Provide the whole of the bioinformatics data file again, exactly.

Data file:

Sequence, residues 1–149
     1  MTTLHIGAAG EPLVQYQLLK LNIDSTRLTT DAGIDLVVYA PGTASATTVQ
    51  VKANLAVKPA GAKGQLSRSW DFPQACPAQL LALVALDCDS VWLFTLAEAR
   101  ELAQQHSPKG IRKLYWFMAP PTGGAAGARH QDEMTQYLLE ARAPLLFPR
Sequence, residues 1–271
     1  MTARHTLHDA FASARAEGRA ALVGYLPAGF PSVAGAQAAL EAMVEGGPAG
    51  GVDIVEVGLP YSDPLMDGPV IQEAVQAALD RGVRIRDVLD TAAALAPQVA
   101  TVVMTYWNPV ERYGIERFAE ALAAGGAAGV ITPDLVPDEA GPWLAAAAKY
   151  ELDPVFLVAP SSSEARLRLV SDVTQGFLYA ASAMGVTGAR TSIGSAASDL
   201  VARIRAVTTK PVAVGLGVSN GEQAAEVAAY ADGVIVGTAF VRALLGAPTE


Sequence, residues 1–149
     1  MTTLHIGAAG EPLVQYQLLK LNIDSTRLTT DAGIDLVVYA PGTASATTVQ
    51  VKANLAVKPA GAKGQLSRSW DFPQACPAQL LALVALDCDS VWLFTLAEAR
   101  ELAQQHSPKG IRKLYWFMAP PTGGAAGARH QDEMTQYLLE ARAPLLFPR
Sequence, residues 1–271
     1  MTARHTLHDA FASARAEGRA ALVGYLPAGF PSVAGAQAAL EAMVEGGPAG
    51  GVDIVEVGLP YSDPLMDGPV IQEAVQAALD RGVRIRDVLD TAAALAPQVA
   101  TVVMTYWNPV ERYGIERFAE ALAAGGAAGV ITPDLVPDEA GPWLAAAAKY
   151  ELDPVFLVAP SSSEARLRLV SDVTQGFLYA ASAMGVTGAR TSIGSAASDL
   201  VARIRAVTTK PVAVGLGVSN GEQAAEVAAY ADGVIVGTAF VRALLGAPTE